Studies Show that Tiny Tire Particles Inhibit the Growth of Organisms in Freshwater and Coastal Estuaries

Studies Show that Tiny Tire Particles Inhibit the Growth of Organisms in Freshwater and Coastal Estuaries

Small particles from tires reduced the growth of species in freshwater and coastal estuary habitats, according to two new research papers published by Oregon State University experts.

The discoveries are part of a larger effort by scientists to figure out how microplastics and nanoplastics affect aquatic ecosystems and organisms. One of the most common types of microplastic in aquatic habitats is tire particles.

Harper, Brander, and several other graduate students and post-doctoral scientists in their labs, including Brittany Cunningham and Samreen Siddiqui, recently published two publications in Chemosphere and the Journal of Hazardous Materials about tire particle study.

“The focus on microplastics and now nanoplastics is still relatively new,” said Stacey Harper, an Oregon State professor who studies the environmental health and safety impacts of nanomaterials and led the research on tire particles in freshwater organisms.

“We’re now at the point of making policy decisions that we don’t have the science for. That’s why we are scrambling to supply that science.”

California is in the forefront of this issue, having just developed a statewide microplastics plan. Similar efforts are expected at the federal level, as well as possibly among other states, according to Susanne Brander, an assistant professor and ecotoxicologist at Oregon State University who led the coastal study on tire particles and served on one of the science advisory teams that helped develop the California strategy.

The focus on microplastics and now nanoplastics is still relatively new. We’re now at the point of making policy decisions that we don’t have the science for. That’s why we are scrambling to supply that science.

Stacey Harper

Synthetic rubber, filling agents, oils, and other additives are among the components that make up tire particles. The particles themselves, as well as the chemicals they discharge, known as leachate, could harm aquatic species that come into contact with them, according to the researchers.

According to the experts, around 30% of an automotive tire’s tread erodes and enters the environment throughout the course of its lifetime. They also mention a recent study that found that in the United States, more than 1.5 million metric tons of tire wear particles are released into the environment each year.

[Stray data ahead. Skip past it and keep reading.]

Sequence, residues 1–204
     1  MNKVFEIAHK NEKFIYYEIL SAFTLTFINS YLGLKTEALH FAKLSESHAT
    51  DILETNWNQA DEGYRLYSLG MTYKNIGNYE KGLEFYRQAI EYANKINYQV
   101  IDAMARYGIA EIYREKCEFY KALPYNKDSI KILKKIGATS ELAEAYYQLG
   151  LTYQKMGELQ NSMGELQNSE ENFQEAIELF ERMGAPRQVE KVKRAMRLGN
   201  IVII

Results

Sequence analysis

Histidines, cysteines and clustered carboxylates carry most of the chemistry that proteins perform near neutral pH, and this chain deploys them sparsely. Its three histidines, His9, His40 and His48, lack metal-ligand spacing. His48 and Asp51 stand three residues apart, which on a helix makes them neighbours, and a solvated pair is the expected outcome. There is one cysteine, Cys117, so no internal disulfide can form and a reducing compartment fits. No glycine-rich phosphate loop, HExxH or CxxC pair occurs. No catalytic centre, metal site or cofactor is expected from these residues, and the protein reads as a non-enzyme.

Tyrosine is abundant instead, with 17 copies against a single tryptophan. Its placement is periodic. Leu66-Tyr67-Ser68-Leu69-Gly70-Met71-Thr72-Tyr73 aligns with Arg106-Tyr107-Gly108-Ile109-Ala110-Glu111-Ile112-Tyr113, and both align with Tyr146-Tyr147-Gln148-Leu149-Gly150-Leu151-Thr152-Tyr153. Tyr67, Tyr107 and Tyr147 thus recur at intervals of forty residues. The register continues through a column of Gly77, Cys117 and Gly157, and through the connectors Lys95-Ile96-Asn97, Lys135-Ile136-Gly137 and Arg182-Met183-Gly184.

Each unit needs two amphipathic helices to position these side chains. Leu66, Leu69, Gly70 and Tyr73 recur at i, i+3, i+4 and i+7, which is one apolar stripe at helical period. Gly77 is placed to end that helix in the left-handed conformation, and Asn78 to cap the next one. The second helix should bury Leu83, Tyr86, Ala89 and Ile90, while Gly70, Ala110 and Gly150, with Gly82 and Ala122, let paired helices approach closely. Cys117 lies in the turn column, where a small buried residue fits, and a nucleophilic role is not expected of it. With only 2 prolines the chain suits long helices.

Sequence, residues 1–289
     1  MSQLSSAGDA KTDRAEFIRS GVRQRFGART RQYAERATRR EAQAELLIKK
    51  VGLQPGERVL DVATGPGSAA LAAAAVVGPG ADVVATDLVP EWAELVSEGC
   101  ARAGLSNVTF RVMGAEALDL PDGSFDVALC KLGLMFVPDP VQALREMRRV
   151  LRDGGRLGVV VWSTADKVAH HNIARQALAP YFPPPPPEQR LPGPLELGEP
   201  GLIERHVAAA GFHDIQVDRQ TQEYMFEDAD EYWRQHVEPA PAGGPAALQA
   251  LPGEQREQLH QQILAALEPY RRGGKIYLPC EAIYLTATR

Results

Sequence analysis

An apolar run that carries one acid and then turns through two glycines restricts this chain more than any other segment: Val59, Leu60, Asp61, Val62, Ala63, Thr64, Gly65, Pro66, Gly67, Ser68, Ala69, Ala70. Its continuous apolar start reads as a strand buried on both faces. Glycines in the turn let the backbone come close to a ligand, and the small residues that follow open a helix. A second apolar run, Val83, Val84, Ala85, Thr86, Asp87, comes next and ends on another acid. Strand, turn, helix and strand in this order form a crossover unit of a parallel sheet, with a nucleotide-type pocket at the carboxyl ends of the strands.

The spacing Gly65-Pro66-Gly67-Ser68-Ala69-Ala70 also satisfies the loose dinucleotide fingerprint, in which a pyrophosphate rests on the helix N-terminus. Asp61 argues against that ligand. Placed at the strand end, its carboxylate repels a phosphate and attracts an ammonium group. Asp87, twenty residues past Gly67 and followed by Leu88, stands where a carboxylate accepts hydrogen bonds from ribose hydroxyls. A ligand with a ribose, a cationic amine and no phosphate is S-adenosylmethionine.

“I feel in particular with tire particles that everyone is measuring how much is out there, but very few groups are measuring what impact they are having,” Brander said. “That’s really the gap we were trying to patch up here.”

To do so, Oregon State University researchers exposed two model species from freshwater and estuarine habitats to varying quantities of micro and nano tire particles, as well as leachate produced by tire breakdown.

Microparticles are fragments with a length of less than 5 millimeters (0.20 inch). Nanoparticles are so minuscule that they can’t be seen with the naked eye or even under a microscope.

The model species in the estuary ecosystem paper headed by post-doctoral scientist Samreen Siddiqui were Inland Silverside and mysid shrimp. Findings by the researchers included:

  • The researchers discovered that both organisms had significantly altered swimming behaviors after being exposed to concentrations detected in the environment, such as increased freezing, changes in positioning, and total distance traveled, which could lead to an increased risk of predation and challenges for the organisms to find food in the wild,.
  • Both creatures grew at a slower rate depending on their exposure to micro tire particles, while fish exposed to nano tire particles grew at a slower rate as well.
  • Leachates affected behavior but did not impact growth in either organism.

These findings lead the researchers to infer that aquatic ecosystems may be suffering harmful effects even at current levels of tire-related pollution, which are predicted to rise. The model species in the freshwater ecosystem paper, lead by graduate student Brittany Cunningham, were embryonic zebrafish and the crab Daphnia magna. Among the findings:

  • Tire particle and leachate exposure caused death and developmental problems in both organisms.
  • Tire particle leachate was the main driver of toxicity for both organisms.
  • Exposure to nano tire particles enhanced toxicity in comparison to leachate alone.

These observations led the researchers to the conclusion that, while both creatures were hazardous to tire particles, their overall sensitivity to tire particles differed. They believe it is critical to comprehend these distinctions in order to determine the levels at which these contaminants become harmful.

They point out that this knowledge is critical for the establishment of risk assessments, which help policymakers make decisions. The researchers also suggested a number of strategies for preventing tire particles from entering the environment.

Placing rain gardens on the sides of roads to collect tire particles, installing particle capture devices on cars, producing longer-lasting tires, and investing in green infrastructures, such as public transportation, are all examples.

The study is funded by a Growing Convergence Research Big Idea grant from the National Science Foundation. The money will benefit the Pacific Northwest Consortium of Plastics, which Harper and Brander co-direct at Oregon State University.

Harper and Brander are based in the Oregon State College of Agricultural Sciences. Bryan Harper, Sarah Hutton, John Dickens, and Emily Pedersen are among the publications’ co-authors.